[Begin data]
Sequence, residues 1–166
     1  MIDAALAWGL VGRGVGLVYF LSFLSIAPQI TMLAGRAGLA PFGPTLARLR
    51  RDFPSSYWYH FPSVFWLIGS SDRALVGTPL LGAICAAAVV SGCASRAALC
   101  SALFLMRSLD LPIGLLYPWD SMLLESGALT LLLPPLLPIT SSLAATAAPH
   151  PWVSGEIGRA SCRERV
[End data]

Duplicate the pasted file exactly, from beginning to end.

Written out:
Sequence, residues 1–166
     1  MIDAALAWGL VGRGVGLVYF LSFLSIAPQI TMLAGRAGLA PFGPTLARLR
    51  RDFPSSYWYH FPSVFWLIGS SDRALVGTPL LGAICAAAVV SGCASRAALC
   101  SALFLMRSLD LPIGLLYPWD SMLLESGALT LLLPPLLPIT SSLAATAAPH
   151  PWVSGEIGRA SCRERV